Wednesday, April 4, 2012

Let the Frenzy Begin!

So besides all the numerous things that consume all my time, I've also participate in Script Frenzy - Nanowrimo's sister script writing challenge. Because of this, I've put my revision WIP on hold. At least for a month. So for all of April, I'm going to post topics that come up during the Frenzy.

Today's topic: Don't be Afraid of the Script

A lot of people I talk to don't want to write a script because they're afraid of formatting. And I'll admit, compared to any other form of writing save some unusal forms of poetry, scriptwriting looks like Greek.

Personally, I think this is done half to scare away people from writing scripts.

In a way, it's a test for industry gatekeepers. They know how serious you are because you followed the ridiculous gatekeeping format.

But mostly, when actually filming the script, the format works really damn well.

But, thanks to modern technology, you don't have to really worry about formatting anymore! There's top of the line programs like Final Draft. Then many other writing programs like Scrivner offer Scriptwriting mode. Hell, even Mac's default Pages offers a scriptwriting form. And if you can't "afford" any of these programs, Celtx is free and available for download.

So there is no excuse for not formatting. Now we can rely on technology to transcribe our writing into Script Greek for us, and we only need to know 3 basics.

1. Scene headings - the INT./EXT. DAY/NIGHT

In prose, we spend paragraphs carefully crafting setting. In scripts, we spend one line.
INT. stands for interior and EXT. stands for exterior. Basically, are we indoors or out? (Tip: use INT if you're inside a car.) If you're moving indoors to outdoors, or not quite sure if it counts as either, just write it best you can. This is a 1st draft, you can look up the specific ruling on that after you've written it, if there there is a ruling.

Next, comes the where. HOUSE, CAR, CHRYSTLER BUILDING 27TH FLOOR. The actual where of the scene. It can be as brief as house, or as detailed as you want, like the 27th floor of a major building.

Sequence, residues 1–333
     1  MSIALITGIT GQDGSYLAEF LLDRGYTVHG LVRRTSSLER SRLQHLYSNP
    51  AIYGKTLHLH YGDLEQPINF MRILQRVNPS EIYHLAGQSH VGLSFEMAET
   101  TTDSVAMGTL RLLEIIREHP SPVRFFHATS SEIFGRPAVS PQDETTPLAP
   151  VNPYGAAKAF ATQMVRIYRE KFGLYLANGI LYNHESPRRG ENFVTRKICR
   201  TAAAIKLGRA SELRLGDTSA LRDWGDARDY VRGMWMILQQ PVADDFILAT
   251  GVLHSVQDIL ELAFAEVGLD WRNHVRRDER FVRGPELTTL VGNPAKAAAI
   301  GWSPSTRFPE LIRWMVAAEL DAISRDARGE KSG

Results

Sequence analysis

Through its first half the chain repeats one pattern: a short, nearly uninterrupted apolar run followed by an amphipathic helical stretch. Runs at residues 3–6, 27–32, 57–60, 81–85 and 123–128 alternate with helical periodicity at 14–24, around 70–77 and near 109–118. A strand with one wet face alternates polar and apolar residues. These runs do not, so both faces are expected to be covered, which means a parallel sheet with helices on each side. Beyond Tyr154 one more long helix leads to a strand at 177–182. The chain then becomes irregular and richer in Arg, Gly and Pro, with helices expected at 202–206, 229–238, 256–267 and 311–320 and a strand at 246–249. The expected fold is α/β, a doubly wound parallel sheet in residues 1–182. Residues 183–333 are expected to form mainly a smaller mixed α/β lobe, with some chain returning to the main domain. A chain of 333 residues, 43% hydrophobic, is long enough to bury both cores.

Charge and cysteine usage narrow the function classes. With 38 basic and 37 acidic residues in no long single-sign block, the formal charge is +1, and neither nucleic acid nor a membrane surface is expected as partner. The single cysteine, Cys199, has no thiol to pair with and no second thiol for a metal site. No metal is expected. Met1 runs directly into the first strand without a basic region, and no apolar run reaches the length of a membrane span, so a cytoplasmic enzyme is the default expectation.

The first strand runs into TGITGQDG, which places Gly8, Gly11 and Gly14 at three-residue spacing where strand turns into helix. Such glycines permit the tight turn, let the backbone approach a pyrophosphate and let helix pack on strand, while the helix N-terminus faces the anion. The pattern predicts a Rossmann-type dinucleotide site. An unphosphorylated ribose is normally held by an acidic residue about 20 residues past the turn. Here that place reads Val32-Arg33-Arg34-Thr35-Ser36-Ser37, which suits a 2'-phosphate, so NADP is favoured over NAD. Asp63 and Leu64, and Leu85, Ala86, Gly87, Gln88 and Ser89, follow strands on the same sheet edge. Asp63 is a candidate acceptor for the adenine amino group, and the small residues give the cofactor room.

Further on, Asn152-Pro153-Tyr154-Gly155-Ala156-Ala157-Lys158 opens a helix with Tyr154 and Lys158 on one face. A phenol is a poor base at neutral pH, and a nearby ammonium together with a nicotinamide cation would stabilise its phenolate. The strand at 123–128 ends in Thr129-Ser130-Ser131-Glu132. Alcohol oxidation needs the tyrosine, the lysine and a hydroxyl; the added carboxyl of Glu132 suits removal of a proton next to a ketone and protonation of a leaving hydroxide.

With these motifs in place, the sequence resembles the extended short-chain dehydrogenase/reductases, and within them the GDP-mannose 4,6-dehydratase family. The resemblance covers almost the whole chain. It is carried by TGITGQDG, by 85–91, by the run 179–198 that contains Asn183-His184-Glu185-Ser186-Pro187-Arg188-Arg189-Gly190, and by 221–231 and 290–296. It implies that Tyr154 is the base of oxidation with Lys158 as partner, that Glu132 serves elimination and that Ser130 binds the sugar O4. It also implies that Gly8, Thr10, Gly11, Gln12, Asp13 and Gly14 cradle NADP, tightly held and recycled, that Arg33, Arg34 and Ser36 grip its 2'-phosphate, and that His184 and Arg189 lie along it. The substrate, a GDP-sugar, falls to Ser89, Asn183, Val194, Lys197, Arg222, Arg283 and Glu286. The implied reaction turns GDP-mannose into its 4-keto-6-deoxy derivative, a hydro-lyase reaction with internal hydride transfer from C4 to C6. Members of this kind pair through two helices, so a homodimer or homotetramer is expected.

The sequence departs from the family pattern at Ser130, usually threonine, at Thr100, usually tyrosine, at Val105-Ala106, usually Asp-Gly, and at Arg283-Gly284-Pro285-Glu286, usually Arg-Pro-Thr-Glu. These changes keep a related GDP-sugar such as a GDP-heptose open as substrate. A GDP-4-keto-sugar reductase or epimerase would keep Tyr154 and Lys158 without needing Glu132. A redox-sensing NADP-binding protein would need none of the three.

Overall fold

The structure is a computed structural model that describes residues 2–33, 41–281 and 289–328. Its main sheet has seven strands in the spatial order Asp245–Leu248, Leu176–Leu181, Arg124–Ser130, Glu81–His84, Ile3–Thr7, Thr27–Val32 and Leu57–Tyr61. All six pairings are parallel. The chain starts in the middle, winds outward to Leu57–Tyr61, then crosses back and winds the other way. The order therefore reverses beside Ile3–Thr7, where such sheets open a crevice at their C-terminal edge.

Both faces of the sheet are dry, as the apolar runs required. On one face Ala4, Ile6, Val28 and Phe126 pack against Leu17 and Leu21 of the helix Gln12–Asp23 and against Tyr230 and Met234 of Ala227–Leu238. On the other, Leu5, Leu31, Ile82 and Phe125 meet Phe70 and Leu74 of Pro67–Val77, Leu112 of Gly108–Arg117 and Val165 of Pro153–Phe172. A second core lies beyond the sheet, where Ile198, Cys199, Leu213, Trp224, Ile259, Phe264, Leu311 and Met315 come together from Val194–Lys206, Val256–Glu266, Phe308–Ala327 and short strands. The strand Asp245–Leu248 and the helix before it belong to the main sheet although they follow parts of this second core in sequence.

Finally, if it's important, time of day. Day, night, afternoon, morning, dawn, dusk, 3pm, etc. Time of day is really only used when it's important, otherwise, you don't really need it.

There you have it! All of those paragraphs and paragraphs of beautiful prose condensed down to one line. Now to move on.

2. Dialogue

A lot of any script is dialogue. It's short and squished together and doesn't use quotes.

Don't be afraid of it. Don't be afraid if it doesn't sound quite right yet. Just get it down, and be happy you don't have to worry about that "should I use said" conundrum.

Hey, look, we're 2/3rds of the way through all the basics!

Lastly, 3. Action, aka, everything else.

Now that we've eliminated dialogue and scene headings, everything else falls into an Action block. This is where any description goes. (Yes, there is still description, just not paragraph and paragraphs of it.) Any silent visuals. Any props. Any movement. It's a catchall for everything that's not a scene heading or dialogue. So when in doubt, just use an action block.

It's also a really great way to add on to your page count for Frenzy.

Does this cover every little detail of scriptwriting? No. Sometimes, you'll have odd little format questions. And in the real world, if it's odd, and you don't get it quite right, no one's going to notice because, chances are, they don't know how to write it either.

So if you've ever wanted to write a screenplay, play, radio drama, video game, comic, anything involving scripts, get off your butt, stop using excuses, join the Frenzy, and write.

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